Mendel's principle of independent assortment is based on the fact that genes located on different chromosomes behave independently during meiosis. Often, however, two genes do not assort independently because they are located on the same chromosome (linked genes; see Box 1-2, Genes Are Linked to f ibromosomes). Many
RY Ry gametes rV
F2 generation gametes gametes
Initialiy, all breeding experiments used genetic differences already existing in nature. For example, Mendel used seeds obtained from seed dealers, who must have obtained them from farmers The existence of alternative forms of the same gene (alleles) raises the question of how they arose. One obvious hypothesis states that genes can change (mutate) to give rise to new genes (mutant genes). This hypothesis was first seriously tested, beginning in 1908, by the great American biologist Thomas Hunt Morgan and his young collaborators, geneticists Calvin B. Bridges, Hermann J. Muller, and Alfred H Shjrievant They worked with the tiny fly Drosophila melanogaster. The first mutant found was a male with white eyes instead of the normal red eyes The white-eyed variant appeared spontaneously in a culture bottle of red-eyed flies. Because essentiatly all Drosophila found in nature have red eyes, the gene leading to red eyes was referred to as the wild-type gene; the gene leading to white eyes was cailcd a mutant gene (allele).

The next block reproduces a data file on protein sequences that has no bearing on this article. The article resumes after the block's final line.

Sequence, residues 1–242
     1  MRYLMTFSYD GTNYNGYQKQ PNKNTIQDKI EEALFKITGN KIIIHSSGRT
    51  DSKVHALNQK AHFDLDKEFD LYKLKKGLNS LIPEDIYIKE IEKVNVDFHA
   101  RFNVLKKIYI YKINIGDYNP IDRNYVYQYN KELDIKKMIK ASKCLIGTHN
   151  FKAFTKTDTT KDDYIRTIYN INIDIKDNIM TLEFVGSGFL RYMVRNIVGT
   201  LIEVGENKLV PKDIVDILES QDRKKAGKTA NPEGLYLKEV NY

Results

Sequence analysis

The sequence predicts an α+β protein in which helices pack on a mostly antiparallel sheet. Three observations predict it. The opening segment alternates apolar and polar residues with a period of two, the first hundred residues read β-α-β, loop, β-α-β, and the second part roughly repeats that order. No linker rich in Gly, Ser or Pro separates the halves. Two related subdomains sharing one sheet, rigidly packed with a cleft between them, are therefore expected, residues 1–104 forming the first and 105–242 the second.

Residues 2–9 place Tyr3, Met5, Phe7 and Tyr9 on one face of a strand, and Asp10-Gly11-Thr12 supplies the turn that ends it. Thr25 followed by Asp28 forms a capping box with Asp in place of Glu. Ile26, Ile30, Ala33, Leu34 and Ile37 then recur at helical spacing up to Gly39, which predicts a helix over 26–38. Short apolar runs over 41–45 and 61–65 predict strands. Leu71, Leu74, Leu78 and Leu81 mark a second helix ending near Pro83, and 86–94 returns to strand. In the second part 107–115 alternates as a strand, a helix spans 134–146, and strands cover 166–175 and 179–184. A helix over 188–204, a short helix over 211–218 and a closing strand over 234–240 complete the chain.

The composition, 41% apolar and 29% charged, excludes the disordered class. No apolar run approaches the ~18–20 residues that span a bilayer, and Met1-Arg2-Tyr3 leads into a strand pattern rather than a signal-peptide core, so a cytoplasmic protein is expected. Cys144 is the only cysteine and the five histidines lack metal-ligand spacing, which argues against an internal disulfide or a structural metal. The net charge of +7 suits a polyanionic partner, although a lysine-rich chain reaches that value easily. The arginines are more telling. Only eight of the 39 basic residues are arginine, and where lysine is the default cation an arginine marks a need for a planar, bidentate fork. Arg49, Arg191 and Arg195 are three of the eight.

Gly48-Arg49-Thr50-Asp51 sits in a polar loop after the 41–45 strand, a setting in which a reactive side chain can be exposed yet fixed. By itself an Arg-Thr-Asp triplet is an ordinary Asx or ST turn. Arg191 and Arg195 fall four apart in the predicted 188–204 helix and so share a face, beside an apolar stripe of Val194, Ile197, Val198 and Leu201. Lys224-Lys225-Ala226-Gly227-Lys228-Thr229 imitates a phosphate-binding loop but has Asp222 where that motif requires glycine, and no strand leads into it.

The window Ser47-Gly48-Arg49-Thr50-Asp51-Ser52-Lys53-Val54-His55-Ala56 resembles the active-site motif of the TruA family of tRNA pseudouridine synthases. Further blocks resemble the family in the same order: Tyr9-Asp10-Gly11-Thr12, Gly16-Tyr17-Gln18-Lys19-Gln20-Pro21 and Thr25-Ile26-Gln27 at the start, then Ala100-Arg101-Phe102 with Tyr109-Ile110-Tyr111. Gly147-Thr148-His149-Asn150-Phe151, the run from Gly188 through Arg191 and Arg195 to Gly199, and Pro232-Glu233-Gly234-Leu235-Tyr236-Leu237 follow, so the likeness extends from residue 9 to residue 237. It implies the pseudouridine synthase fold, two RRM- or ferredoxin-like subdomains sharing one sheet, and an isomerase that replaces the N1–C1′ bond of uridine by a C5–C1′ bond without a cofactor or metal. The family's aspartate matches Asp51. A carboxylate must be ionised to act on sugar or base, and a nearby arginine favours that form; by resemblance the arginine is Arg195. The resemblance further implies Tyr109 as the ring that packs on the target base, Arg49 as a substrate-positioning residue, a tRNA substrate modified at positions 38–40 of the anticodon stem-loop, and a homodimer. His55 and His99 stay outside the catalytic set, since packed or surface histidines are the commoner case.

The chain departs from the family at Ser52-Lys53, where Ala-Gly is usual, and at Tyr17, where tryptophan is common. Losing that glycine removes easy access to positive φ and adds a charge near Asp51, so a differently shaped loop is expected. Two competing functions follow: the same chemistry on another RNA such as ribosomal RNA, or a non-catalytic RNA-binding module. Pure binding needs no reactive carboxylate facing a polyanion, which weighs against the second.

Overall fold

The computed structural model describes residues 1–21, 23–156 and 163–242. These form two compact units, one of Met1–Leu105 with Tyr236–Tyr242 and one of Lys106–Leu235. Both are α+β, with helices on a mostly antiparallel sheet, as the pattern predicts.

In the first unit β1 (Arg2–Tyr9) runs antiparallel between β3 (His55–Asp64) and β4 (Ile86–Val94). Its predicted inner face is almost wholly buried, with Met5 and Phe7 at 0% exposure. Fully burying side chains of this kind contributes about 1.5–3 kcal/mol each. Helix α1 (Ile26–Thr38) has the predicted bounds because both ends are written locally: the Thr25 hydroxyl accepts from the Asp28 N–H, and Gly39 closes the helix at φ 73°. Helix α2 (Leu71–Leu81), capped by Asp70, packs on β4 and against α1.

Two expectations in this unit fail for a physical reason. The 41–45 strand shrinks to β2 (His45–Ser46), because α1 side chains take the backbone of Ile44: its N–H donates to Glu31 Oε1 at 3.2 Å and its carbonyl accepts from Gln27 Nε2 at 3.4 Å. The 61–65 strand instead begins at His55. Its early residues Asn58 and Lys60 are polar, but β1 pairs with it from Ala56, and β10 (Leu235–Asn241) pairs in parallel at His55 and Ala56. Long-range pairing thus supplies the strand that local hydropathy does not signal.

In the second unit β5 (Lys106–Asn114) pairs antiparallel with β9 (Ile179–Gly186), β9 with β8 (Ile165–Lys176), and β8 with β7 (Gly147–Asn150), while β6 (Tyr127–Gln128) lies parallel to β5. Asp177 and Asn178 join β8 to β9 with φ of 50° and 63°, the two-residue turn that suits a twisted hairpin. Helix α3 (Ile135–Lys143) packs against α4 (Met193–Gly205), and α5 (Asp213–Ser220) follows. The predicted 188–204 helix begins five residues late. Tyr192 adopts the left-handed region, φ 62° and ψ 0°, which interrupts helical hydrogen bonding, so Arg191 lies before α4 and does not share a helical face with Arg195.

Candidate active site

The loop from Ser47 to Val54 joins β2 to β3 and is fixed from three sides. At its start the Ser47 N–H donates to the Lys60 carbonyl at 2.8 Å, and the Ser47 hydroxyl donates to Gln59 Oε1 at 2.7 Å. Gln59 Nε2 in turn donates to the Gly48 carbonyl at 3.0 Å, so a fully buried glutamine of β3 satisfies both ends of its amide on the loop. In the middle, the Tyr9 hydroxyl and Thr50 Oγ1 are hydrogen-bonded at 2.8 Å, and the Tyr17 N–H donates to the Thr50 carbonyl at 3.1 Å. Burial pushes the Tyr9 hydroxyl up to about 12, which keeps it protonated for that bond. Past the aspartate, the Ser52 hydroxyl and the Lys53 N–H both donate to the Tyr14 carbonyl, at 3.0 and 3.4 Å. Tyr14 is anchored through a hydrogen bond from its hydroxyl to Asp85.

The white-eye mutant gene was immediately used in breeding experiments (Box 1-2 figure 1), with the striking result that the behavior of the allele completely paralleled the distribution of an X chromosome (that is, was sex-linked). This finding immediately suggested that this gene might be located on the X chromosome, together with those genes controlling sex. This hypothesis was quickly confirmed by additional genetic crosses using newly isolated mutant genes. Many of these additional mutant genes also were sex-linked parental generation red $ phenotype wfiite
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